David \ (Macross3@excite.com)
Wed, 29 Mar 2000 17:52:06 -0800 (PST)


On Wed, 29 Mar 2000 15:49:59 -0800, gundam@aeug.org wrote:

>
> >Several? Maybe obscure ones (or old ones. Where's my Rose of Versailles
and
> >Ribon no Kishi??).
>
> Er... are you saying Sailor Moon was obscure? Its US distribution has
been
> purchased by DIC, and guess who owns DIC? SM would have been huge in the
> States if not for DIC's heavy-handed approach of not promoting it. They
> even refused to license the property until the Japanese company that owns
it
> stepped in.

No, Sailor Moon *might* have been huge. You're not including the possibility
that SM was simply not to the American tastes? It was popular in Japan, but
then magical girls had been a popular staple in Japan for a long time before
Sailor Moon. So there was already an audience there for it when it came out.
I certainly remember a lot of people ridiculing a show about a short-skirted
sailor-suited superhero when it first came out. It was only later that a
sizable group in America discovered its virtues. I'm not even sure Bandai
(who was supposed make toys for it in America, but pulled out for some
reason) could have made it big at the time.

>
.
>
> Would you say Mononoke was harder to market than "The Cider House Rules",
> which deals with touchy topics such as abortion and interracial
relations?
> Miramax (also owned by Disney) didn't seem to have any problem propelling
> this movie into a major Oscar contender even though no one saw it when it
was
> first released. The kind of hype surrounding Malkovich, Boys and
Mononoke are
> critic-generated, which is very different from a studio marketing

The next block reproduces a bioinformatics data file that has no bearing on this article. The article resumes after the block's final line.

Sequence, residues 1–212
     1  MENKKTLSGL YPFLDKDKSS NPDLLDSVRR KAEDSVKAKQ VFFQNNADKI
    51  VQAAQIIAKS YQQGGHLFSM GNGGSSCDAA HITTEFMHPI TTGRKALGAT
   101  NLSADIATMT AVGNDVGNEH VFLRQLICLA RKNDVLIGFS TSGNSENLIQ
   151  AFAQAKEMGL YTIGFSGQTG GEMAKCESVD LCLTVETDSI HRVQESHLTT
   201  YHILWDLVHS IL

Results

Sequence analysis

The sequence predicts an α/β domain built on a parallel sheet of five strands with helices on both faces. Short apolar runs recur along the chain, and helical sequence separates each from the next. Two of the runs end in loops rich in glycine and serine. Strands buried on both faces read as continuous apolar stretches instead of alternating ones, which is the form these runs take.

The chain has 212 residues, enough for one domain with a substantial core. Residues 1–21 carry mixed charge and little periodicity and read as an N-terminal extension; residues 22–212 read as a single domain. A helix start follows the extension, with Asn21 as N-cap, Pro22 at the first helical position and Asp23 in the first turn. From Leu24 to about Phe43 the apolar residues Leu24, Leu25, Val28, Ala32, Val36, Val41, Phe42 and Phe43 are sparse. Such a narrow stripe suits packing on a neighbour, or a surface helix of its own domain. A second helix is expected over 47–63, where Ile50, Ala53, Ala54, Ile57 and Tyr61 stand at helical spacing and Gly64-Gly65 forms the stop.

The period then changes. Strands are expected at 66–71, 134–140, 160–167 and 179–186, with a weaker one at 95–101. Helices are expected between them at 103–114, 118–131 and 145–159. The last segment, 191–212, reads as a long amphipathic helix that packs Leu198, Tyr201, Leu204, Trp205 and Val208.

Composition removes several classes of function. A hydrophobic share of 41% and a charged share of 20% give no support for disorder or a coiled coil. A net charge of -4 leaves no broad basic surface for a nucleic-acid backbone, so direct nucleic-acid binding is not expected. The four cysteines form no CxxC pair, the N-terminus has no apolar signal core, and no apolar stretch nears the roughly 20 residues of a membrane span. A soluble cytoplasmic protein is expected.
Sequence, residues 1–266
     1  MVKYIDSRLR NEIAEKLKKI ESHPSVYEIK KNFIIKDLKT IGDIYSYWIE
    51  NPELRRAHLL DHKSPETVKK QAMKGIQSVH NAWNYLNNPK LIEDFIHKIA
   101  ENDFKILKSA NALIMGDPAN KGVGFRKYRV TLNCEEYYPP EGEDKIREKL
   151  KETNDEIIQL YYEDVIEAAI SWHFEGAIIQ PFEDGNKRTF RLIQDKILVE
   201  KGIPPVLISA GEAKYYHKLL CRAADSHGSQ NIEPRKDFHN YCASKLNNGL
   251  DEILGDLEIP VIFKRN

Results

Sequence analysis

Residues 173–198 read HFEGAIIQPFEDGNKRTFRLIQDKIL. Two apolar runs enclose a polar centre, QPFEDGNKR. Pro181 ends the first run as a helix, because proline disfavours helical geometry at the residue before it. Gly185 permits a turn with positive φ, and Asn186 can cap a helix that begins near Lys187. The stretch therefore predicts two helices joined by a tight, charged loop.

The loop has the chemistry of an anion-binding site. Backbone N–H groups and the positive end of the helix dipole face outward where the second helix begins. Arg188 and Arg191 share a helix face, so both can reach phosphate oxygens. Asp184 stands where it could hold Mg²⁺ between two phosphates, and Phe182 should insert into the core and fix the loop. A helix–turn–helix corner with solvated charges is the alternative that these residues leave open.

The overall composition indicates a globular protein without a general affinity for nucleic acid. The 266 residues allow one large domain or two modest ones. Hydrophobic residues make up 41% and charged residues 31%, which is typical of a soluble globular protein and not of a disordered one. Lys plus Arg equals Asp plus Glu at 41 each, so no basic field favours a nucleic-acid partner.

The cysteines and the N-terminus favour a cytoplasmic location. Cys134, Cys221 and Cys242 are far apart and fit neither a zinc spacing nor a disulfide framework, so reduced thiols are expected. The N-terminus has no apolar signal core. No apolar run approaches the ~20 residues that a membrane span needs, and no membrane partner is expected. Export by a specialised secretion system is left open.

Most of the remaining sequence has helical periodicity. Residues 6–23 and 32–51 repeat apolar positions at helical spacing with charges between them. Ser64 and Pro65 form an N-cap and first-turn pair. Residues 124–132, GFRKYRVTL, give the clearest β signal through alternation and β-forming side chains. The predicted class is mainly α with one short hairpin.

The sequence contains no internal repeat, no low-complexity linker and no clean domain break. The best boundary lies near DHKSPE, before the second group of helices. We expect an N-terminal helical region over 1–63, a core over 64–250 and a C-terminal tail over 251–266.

> department- generated hype, like Cider House Rules.

It made more money than Mononoke, although it did have a somewhat larger
release. Still, there's no guarantee that if Miramax marketed the hell out
of Mononoke that it would have succeeded. There are already a lot of people
out there who refused to see it just because it was anime. This anti-anime
group i larger than you think.
>
>
> When Gundam becomes soft enough to be a threat to Disney's monopoly in
the
> children/family market, you betcha they will try to buy off the property
> just so they can keep it caged/neutralized.
>

Not Disney's style. They'd rather make a buck off a property they bought
rather than "keeping it caged just so they don't make us look bad," --an
idea that many anime fans think is true but is not. If that was true, then
Ghibli is the one that wins out in this one, as Disney gave them a sizable
amount of money so they could get the rights to distribute in America. They
didn't even make back all the money they lost to Ghibli for Mononoke, I
think.

Jojo

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